Cheryl Faye Gordon
B EDUC 456
Discusses some of the transformations of consciousness that occur in adolescence and examines how social structures, particularly formal schooling, help shape those transformations. Requires a community-based learning project.
This course will provide a foundation for understanding adolescents, human development, schools, society, and selves. It is focused on building a knowledge base from which curriculum, instruction, and assessment will be built.
The basic assumption underlying this course is that we are better situated to positively assist adolescents in their development when we (1) are aware of the complex contexts of schools and society, (2) consider adolescent development from multiple perspectives—including listening to the perspectives of adolescents, (3) question social myths and our own preconceived beliefs, attitudes, and behaviors, and (4) develop sensitivity toward adolescents and the complexity of adolescence as part of human development.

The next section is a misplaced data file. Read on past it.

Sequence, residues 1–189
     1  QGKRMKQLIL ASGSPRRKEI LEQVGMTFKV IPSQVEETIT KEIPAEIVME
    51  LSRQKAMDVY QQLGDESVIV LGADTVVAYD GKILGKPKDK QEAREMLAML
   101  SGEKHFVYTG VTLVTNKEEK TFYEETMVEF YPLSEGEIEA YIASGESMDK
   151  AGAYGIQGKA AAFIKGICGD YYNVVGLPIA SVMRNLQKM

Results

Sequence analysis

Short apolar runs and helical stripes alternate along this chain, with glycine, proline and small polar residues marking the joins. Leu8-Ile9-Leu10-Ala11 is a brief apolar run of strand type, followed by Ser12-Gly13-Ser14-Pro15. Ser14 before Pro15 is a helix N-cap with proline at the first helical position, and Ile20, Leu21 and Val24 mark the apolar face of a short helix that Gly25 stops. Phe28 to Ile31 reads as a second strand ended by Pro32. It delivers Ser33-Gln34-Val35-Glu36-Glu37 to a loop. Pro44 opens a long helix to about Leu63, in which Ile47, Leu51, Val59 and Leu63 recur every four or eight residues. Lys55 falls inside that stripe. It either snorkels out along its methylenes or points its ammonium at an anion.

Student learning goals
Identify multiple possibilities for explaining and understanding adolescents’ behavior.
Name and connect multiple influences on adolescents’ behavior (e.g., family values, peer pressure, institutional environment, social status, individual characteristics connected to race, ethnicity, culture, language, nationality, class, gender, sexual orientation, religion, and ableness).
Examine and analyze assumptions that underlie beliefs, ideas, and values about adolescents and the transformation of consciousness.
Engage generously and critically in an evaluation of their own thoughts, beliefs, and values about adolescents in schools and society.
Skillfully interact positively with adolescents.
General method of instruction
This class will consist primarily of group discussions and activities. Mini-lectures will be provided to clarify course content.
Class assignments and grading
The assignments will consist of community based learning projects, class activities, and papers.
Course grades will be based on the assignments listed below. Strong work is indicated by careful analysis of texts, scholarly treatment of the issues and topics discussed, and thoughtful and substantial participation in class.